(KTXL) — A corrections officer at the San Joaquin County Jail is behind bars, facing numerous charges of allegedly sexually assaulting multiple inmates.
One former inmate spoke out and says she was sexually abused.
“It’s OK to speak and just because we commit crimes, being sexually assaulted or any kind of misconduct physically, mentally is just not OK,” said Courtney Amos.
Amos claimed the nightmare always began under the cover of darkness when most of her fellow inmates were asleep and no one else was around to witness.
“He convinced me that I had to do it,” Amos said. “It was illegal strip searches and we’re not supposed to be strip searched by a male officer, especially at odd hours of the night.”
Back in 2013, Amos faced an illegal use of a firearm charge and that’s when she says Corrections Officer Zachary Simmons repeatedly sexually assaulted her.
“I felt like I was being punished, like it was supposed to happen because I committed the crime that I committed,” Amos said.
In maximum security, Amos said she grew more and more depressed, angry and suicidal until she spoke up and told a female corrections officer.
“I felt like she was willing to listen so I reached out her and she did listen,” Amos recalled. “She tried her best to do what she needed to do.”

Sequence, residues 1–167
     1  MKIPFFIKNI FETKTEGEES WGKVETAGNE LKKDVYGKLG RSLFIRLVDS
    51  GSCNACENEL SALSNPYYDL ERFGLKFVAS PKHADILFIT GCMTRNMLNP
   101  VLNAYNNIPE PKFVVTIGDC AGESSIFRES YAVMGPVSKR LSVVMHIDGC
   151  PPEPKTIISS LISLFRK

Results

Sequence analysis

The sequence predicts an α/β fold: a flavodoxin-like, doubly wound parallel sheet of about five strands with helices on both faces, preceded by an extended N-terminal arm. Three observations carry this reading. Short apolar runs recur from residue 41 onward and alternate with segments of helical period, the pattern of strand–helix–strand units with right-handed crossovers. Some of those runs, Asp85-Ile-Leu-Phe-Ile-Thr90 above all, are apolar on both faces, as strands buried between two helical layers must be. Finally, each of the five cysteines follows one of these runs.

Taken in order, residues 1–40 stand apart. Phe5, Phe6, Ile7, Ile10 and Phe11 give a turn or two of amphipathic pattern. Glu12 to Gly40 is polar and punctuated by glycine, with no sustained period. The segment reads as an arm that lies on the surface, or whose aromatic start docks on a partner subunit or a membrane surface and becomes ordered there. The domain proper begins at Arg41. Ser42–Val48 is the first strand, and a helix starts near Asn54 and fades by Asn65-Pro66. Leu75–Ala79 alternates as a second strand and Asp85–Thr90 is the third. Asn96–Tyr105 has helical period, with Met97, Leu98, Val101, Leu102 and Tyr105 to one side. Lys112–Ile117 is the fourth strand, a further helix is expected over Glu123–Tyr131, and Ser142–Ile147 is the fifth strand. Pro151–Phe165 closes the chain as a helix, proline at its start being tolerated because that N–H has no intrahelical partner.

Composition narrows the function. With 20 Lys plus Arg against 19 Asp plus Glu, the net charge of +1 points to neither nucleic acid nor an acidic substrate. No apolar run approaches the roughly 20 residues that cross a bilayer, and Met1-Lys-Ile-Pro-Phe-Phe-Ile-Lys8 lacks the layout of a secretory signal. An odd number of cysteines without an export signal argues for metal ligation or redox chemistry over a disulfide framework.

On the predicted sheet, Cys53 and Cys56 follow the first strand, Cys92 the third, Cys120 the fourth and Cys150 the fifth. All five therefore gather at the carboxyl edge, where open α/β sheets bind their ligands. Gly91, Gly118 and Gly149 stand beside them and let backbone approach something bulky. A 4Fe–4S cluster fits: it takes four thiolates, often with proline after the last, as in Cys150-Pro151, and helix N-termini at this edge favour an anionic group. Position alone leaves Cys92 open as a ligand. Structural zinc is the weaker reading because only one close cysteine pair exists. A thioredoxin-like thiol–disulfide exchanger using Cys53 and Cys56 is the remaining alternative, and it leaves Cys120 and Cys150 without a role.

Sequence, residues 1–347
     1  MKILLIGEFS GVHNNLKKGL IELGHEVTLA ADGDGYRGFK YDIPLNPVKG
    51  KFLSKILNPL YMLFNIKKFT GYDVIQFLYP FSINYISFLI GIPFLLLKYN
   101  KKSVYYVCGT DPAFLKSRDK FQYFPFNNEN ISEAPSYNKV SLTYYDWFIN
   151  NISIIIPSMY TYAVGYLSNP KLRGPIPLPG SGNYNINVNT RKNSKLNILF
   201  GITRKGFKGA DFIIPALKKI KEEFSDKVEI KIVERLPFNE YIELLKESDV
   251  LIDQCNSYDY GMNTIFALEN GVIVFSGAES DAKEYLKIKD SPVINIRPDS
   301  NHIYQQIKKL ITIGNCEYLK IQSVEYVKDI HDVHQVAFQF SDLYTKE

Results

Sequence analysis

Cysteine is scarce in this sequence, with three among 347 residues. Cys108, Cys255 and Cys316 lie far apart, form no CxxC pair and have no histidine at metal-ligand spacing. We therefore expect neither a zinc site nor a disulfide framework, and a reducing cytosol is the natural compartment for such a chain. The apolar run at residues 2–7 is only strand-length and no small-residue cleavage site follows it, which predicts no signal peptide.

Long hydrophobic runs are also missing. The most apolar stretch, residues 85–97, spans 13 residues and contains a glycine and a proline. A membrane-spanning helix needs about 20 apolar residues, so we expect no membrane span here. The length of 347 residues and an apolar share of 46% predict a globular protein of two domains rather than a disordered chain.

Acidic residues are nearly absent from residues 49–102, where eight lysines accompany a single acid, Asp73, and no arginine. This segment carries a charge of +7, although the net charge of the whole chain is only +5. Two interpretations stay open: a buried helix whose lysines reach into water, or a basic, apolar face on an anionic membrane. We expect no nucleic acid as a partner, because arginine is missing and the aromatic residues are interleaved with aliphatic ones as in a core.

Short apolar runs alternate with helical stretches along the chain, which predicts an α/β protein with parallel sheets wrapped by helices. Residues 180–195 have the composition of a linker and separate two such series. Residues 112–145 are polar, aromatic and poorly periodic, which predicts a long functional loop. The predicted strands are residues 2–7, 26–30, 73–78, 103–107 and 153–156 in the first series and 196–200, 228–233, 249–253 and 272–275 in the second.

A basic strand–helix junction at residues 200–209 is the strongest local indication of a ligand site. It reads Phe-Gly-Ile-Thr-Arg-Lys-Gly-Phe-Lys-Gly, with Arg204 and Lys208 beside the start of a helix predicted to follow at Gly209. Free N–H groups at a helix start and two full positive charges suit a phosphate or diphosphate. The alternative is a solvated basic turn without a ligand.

But her case would not go far. Even after she was released, she turned to drugs and crime to cope.
“Told me that I was lying. They were convinced that I was lying,” Amos said. “Basically, my statement wasn’t … it wasn’t accurate.”
Sheriff Patrick Withrow was not the sheriff at the time but he told FOX40 in October why the claims against Simmons were stalled.
“At that time, we were just not able to substantiate any type of accusations being made against him,” Withrow said.
It wasn’t until another woman came forward that Withrow said something was able to be done.
“We were able to move in, gather that evidence and immediately remove him from the working situation,” Withrow said.
The sheriff would not say what evidence they were able to gather during the investigation but he realized that the trust within the community had been shattered.
“I’m sorry to the community that one of our staff has let down the trust that they swore to do for our community and for our department,” Withrow said.
As for Amos, she has been sober for at least three years, has two jobs and is going back to school. Her goal is to be an advocate and a counselor.
“Change is a choice. If you don’t want to change, you’re not going to change,” Amos said. “If you don’t want to speak up, you’re not going to speak up.”
FOX40 reached out to Simmons but he refused to speak to media. His next court date is set for Dec. 17.
Amos said she hopes her story will help others gather the courage to speak up if they’ve also been abused.
The San Joaquin County District Attorney’s Office says inmates or former inmates can call 209-468-2525 to report possible abuse by corrections officers or to be connected to services that help deal with trauma and recovery.